Art created by nature and captured by Kevin Lanceplaine

Art created by nature and captured by Kevin Lanceplaine

Vacuum resin infusion is a process to manufacture high quality composites components. The driving force that pushes the resin through the fiber stack is the diferential between atmospheric pressure ouside the closed mold system and the pressure inside the system.

The atmospheric pressure that we experience on earth is caused by the weight of air above the measurement point and for this reason it varies with the altitude above sea level. The standard atmosphere (atm) however is an established constant. It is approximately equal to typical air pressure at earth mean sea level and is defined as follows:

1 atm = 760 Torr = 29,92 “Hg = 14.7 psi = 101.3 kN/m2 = 1013 mbar = 1013 hPa

In practice, atmospheric pressure at sea level will vary from about 980 mbar to about 1030 mbar. At the summit of Mount Everest atmospheric pressure averages about 300 mbar. The barometer in our home gives an absolute (atmospheric) pressure which means that the reading is the pressure above the absolute zero of pressure. The vacuum resin infusion process set-up is usually measured with an analog dial gauge, mounted on the vacuum pump or resin catch pot. The reading of such a gauge is relative to the external atmospheric pressure. This relative measurement is called gauge vacuum and is the pressure difference with the atmospheric pressure as reference point. The vacuum gauge is a manometer and works the opposite way to the barometer.

Thus the absolute pressure Pabs in the vacuum bag or resin trap is equal to the current atmospheric pressure Patm minus the gauge vacuum pressure Prel (Pabs = Patm – Prel). Relative pressure is the driving force for the resin to get into the part. It is the difference between the atmospheric pressure and the absolute pressure in the bag (Prel = Patm – Pabs ). The higher Prel the greater the distance one can push the resin through the laminate from a single injection point.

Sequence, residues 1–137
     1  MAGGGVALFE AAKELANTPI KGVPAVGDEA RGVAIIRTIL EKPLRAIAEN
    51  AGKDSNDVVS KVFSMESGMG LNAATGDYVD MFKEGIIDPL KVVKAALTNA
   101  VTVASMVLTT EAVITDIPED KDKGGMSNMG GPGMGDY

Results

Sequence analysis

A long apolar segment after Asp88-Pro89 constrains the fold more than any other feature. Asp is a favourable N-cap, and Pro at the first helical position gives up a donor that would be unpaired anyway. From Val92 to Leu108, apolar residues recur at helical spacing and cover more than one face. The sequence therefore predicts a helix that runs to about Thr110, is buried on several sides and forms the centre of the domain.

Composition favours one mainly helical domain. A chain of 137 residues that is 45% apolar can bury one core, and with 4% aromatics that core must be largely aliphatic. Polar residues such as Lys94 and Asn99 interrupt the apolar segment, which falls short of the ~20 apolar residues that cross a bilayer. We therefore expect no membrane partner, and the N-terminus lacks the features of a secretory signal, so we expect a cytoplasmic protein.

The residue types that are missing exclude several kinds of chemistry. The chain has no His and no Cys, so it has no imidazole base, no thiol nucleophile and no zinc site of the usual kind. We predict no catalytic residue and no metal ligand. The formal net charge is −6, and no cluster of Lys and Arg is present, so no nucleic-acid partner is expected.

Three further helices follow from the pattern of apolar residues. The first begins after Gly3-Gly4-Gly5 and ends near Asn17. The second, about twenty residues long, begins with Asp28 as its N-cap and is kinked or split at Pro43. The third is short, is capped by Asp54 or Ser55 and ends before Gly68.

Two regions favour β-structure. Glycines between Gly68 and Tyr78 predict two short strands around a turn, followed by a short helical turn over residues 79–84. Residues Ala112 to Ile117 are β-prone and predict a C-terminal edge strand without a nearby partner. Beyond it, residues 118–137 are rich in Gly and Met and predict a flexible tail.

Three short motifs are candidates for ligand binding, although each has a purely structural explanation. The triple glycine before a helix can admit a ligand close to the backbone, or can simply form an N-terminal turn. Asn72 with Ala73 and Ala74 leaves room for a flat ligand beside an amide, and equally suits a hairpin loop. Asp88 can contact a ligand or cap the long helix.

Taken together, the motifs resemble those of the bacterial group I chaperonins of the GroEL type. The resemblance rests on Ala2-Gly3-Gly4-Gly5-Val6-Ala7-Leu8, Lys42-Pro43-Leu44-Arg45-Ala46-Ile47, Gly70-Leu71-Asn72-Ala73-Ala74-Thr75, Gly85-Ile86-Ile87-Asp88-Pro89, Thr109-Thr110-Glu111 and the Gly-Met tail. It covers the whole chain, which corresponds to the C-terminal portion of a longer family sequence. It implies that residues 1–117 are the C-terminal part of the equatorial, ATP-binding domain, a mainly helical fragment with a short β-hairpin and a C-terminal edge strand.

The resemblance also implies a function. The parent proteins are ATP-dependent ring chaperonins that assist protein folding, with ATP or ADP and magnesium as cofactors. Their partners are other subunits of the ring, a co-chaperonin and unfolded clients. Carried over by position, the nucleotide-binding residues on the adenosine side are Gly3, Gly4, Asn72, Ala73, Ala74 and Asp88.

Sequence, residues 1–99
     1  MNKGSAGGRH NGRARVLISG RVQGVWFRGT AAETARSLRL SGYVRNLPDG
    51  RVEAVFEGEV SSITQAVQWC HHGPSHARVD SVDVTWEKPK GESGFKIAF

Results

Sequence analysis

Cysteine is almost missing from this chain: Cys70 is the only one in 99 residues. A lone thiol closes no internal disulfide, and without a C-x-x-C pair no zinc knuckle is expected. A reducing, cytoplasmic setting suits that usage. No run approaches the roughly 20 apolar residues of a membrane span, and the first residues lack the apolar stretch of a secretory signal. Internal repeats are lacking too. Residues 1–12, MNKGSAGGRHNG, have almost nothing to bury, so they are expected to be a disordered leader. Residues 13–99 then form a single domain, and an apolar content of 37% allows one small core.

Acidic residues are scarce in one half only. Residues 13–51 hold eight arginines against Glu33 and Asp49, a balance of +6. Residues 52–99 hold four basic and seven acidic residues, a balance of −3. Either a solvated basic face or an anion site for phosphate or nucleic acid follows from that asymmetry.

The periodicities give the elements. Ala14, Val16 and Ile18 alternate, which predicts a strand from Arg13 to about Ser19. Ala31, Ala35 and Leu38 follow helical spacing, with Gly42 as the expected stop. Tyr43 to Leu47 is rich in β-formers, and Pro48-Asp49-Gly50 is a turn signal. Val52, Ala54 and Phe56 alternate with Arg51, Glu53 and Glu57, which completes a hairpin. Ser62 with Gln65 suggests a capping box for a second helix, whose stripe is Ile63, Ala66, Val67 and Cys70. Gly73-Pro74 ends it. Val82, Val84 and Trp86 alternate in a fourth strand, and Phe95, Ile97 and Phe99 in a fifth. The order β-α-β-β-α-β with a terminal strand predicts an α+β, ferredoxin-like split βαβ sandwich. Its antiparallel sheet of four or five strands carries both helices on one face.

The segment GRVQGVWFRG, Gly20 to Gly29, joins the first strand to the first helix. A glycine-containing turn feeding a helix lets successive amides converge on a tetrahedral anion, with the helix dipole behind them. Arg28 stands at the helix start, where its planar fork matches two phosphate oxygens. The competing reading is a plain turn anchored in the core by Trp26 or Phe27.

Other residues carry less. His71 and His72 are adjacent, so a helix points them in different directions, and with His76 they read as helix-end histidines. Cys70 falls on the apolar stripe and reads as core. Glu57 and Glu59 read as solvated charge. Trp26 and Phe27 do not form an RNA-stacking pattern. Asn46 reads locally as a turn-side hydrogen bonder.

In a location such as Florida (sea level with high atmospheric pressure) one can achieve a higher relative pressure and can infuse over a longer distance than someone doing infusion in the mountains of Colorado. Weather affects the infusion process in the way that good weather provides higher Patm and bad weather lower Patm. For instance at sea level and standard weather (Patm = 30 inHg/1000mbar) a gauge vacuum of 27 inHg (Prel) is equivalent to an absolute in-bag pressure of 3 inHg. In other words, the vacuum gauge that reads, for example 27 inHg is actually reporting 3 inHg/100 mbar Pabs.


Whereas the value of Prel has an impact on the maximum flow distance of resin through the laminate Pabs is a parameter for the amount of air that is left in the system. The higher that value the more air is left and the more voids can arise during the vacuum resin infusion process. In the example above the gauge vacuum of 27 inHG (Prel) and in-bag pressure of 3 inHG (Pabs) indicates that 10% of air is left in the bagged system. For a high quality infusion process we strive to achieve the lowest possible Pabs, at least in the range below 20mbar (0.29psi or 0.59inHG), the lower the better.

If we want to confirm that a bag has been evacuated below 0.5inHG of vacuum, the gauge used to measure this value needs to be accurate in this region.

A conventional analog vacuum gauge will experience inaccuracies of at least ±25 mbar from weather variations alone, plus variations due to the accuracy of the mechanism within the gauge, typically between 1 and 3% of full scale, perhaps another ±30 mbar. It is apparent that an analog vacuum gauge with a total accuracy of ±55 mbar (1.62inHG) is not an appropriate instrument for measuring an in-bag vacuum of 10 to 20 mbar.


For the measurement of such values we recommend to use a digital absolute pressure gauge. We have gained excellent experiences with the Made in Germany device GDH 200-14 in countless vacuum resin infusion projects. It responds to pressure changes with a resolution of 1mbar down to absolute zero in an instant which does not only save time with setting up the vacuum system and finding leaks. It is also a perfect performance indicator for the quality of the vacuum resin infusion process.